POCKET OPEN-AIR MONOCULAR IN SILVER, French, c. 1825, with several poinçon hallmarks. Mounted with pendant ring, the device folds to a very compact 1-5/8″ x 1-1/4″ x 1/2″ (4 x 3 x 1.3 cm), and opens with hinged lenses on sliding support arm. It is a traditional “Galilean” optical design giving upright images of low magnification. In fine condition, it is an unusual form of miniature telescope. The French poinçon mark of the “tête de lièvre” (the head of a hare), which is applied twice here, firmly dates it to 1819 – 1838.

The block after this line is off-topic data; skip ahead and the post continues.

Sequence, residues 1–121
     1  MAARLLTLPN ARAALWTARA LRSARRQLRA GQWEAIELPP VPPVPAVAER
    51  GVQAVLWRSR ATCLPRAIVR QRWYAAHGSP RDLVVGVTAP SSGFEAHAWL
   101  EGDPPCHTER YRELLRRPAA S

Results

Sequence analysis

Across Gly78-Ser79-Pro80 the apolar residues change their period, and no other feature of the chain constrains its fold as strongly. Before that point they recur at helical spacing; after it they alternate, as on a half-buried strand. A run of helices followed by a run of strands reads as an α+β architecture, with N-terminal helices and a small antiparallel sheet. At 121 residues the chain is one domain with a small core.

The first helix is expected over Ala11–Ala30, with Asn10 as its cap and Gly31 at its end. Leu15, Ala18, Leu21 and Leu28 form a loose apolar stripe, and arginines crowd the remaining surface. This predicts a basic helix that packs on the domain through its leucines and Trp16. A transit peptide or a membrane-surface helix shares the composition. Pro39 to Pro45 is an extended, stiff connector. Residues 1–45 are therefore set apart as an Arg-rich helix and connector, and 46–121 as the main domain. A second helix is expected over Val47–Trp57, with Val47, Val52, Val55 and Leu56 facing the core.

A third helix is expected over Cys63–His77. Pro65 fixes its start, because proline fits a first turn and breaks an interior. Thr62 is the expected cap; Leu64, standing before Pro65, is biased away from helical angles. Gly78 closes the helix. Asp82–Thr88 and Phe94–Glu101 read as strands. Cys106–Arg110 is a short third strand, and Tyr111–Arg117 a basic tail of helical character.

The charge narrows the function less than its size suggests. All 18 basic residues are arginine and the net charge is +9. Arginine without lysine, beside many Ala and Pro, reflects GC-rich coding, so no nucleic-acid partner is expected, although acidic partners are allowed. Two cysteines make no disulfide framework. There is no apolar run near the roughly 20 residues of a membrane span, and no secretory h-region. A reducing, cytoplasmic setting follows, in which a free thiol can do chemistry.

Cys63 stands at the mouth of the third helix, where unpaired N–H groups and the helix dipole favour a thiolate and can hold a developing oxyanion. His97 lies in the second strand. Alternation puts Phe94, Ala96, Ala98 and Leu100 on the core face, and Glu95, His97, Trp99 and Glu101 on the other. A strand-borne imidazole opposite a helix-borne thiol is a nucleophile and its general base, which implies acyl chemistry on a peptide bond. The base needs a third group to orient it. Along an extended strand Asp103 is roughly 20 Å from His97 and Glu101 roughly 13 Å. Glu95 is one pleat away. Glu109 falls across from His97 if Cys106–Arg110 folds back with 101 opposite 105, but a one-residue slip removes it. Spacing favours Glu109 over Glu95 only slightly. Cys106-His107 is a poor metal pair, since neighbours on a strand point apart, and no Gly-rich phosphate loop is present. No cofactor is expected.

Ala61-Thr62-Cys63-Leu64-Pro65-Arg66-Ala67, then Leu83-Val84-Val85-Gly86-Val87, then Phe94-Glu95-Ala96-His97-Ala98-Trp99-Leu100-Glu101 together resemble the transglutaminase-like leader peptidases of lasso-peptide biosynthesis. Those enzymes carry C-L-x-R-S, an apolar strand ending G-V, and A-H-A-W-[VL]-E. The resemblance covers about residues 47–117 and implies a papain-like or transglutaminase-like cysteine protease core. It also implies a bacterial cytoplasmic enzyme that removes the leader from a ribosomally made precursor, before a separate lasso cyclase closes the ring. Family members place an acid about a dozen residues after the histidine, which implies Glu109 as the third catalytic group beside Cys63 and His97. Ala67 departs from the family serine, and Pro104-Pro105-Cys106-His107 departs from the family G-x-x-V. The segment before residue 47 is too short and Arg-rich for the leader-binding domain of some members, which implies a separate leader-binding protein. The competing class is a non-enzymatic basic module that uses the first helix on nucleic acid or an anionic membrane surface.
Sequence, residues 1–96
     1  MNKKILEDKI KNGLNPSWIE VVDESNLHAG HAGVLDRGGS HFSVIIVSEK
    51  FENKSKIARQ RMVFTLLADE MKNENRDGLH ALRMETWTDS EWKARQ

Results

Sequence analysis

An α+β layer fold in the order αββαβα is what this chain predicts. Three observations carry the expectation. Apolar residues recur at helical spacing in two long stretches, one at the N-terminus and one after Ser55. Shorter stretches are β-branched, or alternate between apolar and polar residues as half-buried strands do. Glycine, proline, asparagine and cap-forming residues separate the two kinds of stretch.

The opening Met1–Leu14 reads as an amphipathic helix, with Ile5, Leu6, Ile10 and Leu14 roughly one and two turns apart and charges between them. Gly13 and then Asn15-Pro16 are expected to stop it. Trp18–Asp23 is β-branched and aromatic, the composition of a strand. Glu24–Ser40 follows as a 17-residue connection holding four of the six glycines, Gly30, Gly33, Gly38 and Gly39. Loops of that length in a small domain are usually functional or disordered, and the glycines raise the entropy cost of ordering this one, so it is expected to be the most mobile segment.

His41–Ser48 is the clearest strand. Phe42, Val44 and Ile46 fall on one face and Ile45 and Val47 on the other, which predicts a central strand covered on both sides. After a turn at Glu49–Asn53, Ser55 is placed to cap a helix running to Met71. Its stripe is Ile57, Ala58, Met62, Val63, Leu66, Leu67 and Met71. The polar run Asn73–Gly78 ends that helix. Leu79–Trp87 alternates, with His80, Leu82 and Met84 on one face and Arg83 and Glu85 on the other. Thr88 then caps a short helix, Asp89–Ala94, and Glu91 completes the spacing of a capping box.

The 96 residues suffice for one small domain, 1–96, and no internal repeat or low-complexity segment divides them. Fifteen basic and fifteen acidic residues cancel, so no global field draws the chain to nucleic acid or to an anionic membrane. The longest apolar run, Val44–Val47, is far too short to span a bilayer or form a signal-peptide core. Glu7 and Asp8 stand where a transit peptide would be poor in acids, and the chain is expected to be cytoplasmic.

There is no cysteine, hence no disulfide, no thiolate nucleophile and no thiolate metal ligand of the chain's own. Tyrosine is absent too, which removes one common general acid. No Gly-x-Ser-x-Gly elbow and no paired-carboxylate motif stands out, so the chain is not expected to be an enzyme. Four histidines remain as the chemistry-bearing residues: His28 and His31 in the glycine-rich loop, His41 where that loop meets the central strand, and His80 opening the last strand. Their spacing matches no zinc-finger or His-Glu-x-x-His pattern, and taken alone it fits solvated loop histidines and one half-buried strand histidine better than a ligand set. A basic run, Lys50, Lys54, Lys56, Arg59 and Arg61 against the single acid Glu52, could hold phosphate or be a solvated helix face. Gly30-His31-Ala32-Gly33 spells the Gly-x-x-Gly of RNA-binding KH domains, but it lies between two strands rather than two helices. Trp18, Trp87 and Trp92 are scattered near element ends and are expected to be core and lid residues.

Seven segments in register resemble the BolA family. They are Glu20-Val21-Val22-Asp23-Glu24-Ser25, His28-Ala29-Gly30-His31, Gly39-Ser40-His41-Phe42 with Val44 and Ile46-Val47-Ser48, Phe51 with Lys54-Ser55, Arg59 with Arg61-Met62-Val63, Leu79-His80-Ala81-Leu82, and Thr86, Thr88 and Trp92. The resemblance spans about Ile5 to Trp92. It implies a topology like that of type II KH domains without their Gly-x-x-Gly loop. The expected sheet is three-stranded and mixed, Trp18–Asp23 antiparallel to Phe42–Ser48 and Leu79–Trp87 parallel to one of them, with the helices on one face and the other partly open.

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David and Yola Coffeen both have enjoyed academic careers, as planetary astronomer and as linguist/educator. But since 1982 (yes, 1982!) they have been full-time dealers in early scientific and medical instruments, under the name Tesseract. Selling primarily by catalogue (over 100 issued so far) they also have a web presence at www.etesseract.com, and can be contacted at firstname.lastname@example.org.